This is a guest post by Robert Egger, the founder of DC Central Kitchen.
By Robert Egger
On September 10th, the DC Central Kitchen, which I founded 22 years ago, received a huge honor; the First Family came to work side by side with staff to help prepare 4,000 meals for our shared community.
Truth be told, it was a great day. For staff, the majority of whom are former addicts or felons, being able to work closely and speak directly with the President was an honor few could have imagined a few years back, when they were scrounging for money to get high, or just trying their best to stay alive inside prison.
For other members of our team, being able to speak to the First Lady about our school food program, which provides locally sourced, cook from scratch meals for students at DC public schools was an unbelievable opportunity to offer practical, ground-level advice about turning school cafeterias into learning labs for math, science and nutrition.
But for me, it was a bittersweet visit. Why? Because it took place just two days after the President spoke to Congress and the country about the national imperative to create jobs, and in the last 5 months, the Kitchen’s social enterprise businesses have created 50 new jobs, with great starting pay and full benefits.
This visit offered the President a historic opportunity, at this critical economic juncture, to reframe the entire discussion about job creation and introduce the notion that there is actually profit in America’s economically essential, nonprofit sector. But instead, he spoke of service. A powerful, important and deeply American concept….but what a missed opportunity!!
The Kitchen is not unique. We are but one of thousands of social enterprises that are creating wealth while also decreasing demand for traditional charity via our empowerment programs. But, like all “charities” in America, we are viewed through the limited lens of being a “.org”… a “non” profit.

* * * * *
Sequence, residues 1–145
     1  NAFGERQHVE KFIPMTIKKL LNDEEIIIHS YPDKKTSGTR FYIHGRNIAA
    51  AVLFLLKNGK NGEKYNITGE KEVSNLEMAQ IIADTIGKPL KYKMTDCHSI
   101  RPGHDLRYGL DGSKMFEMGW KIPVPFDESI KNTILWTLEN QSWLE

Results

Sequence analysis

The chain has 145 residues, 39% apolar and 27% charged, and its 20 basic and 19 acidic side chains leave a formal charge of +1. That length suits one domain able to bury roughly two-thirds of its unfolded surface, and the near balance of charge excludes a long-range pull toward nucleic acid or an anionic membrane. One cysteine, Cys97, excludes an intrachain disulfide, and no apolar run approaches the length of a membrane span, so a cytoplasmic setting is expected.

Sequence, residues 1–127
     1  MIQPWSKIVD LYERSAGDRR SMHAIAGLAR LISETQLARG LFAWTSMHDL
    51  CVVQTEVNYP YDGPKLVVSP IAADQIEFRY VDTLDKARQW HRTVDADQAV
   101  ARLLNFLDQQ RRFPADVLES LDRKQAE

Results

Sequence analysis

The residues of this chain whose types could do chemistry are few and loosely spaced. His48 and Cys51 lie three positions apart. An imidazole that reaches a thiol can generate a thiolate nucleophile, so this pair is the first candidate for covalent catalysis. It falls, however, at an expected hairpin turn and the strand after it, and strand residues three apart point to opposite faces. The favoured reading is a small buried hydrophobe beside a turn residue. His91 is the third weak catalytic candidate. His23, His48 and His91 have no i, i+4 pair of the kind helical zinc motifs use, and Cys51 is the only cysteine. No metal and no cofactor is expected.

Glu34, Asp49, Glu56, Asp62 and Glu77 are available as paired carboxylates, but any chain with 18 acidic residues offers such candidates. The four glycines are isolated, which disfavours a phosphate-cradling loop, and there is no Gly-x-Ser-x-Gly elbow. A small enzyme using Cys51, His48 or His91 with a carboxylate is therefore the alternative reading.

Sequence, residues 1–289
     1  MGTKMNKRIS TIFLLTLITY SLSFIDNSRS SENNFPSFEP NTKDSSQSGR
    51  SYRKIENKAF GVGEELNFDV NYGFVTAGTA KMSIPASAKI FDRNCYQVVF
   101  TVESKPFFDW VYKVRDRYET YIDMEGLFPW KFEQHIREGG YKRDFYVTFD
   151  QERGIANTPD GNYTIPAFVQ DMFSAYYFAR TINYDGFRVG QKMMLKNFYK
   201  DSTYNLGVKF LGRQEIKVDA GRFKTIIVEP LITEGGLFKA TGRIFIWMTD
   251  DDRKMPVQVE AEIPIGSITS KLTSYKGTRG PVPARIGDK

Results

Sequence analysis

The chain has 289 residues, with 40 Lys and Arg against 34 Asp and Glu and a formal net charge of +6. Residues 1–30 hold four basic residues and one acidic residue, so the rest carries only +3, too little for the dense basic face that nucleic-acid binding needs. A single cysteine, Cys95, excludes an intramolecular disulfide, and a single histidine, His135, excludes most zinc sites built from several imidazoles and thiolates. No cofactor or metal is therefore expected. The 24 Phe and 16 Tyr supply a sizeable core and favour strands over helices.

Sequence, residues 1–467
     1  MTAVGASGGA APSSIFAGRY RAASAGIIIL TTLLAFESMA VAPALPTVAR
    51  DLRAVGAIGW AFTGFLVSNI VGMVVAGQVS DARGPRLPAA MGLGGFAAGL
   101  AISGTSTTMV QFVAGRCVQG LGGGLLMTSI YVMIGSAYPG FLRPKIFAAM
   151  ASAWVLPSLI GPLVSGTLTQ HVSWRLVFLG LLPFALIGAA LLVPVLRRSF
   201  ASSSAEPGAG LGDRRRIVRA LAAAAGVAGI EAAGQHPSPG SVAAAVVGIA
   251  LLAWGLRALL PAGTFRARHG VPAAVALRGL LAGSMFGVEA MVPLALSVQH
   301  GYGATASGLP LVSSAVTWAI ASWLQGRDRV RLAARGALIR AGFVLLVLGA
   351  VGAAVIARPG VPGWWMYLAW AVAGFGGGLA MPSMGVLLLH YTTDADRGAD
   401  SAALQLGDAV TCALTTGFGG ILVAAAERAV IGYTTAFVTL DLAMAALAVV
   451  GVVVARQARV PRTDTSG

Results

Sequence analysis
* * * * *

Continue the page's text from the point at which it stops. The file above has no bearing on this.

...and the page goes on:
Imagine a new model.
Imagine the President standing before the press and suggesting that Congress explore a return on investment formula for programs like DC Central Kitchen, so that every donor could potentially see an annual and increasing tax deduction if the organization they contributed too could verify economic growth, new jobs or the decreased need for public spending. Imagine how that might spur innovation within the sector, while also generating ways in which people could attain wealth by investing in their communities. And not just wealthy philanthropists, but everyday people who have an equal interest in paying lower taxes, having a good paying job, living in a healthier communities and supporting businesses that, by their very nature, re-invest profit back in the community.
America is no longer a manufacturing economy, with jobs for all. Nor do we produce enough “extra” money to support an unlimited number of charities. Therefore, we must begin to let go of attitudes, ideas and tax policies that rely on the incomes and opportunities of a by-gone era.
For my money, the first thing to go should be the notion that job creation is limited to .com businesses while .org charities do good deeds and provide services.
There is a brave new economy coming, where philanthropy is more about how you make or where spend your money, not the check you write at the end of the year. It will be driven in part by American consumers who will demand both transparency and social impact for the businesses they choose to support.
But it will also rely a new generation of business people who seek satisfaction not through a trip to a “soup kitchen” to serve, but by going to work every day at a business that makes the community and the planet cleaner, safer and stronger. To get there, we need leaders who aren’t confined to antiquated notions of “dots” that divide resources or limit opportunity. The future has no dots; only bold new ways of making, earning and investing dollars in ways that strengthen our country – one community at a time.
And the first candidate that offers that kind of leadership will have my vote, and every vote I can muster.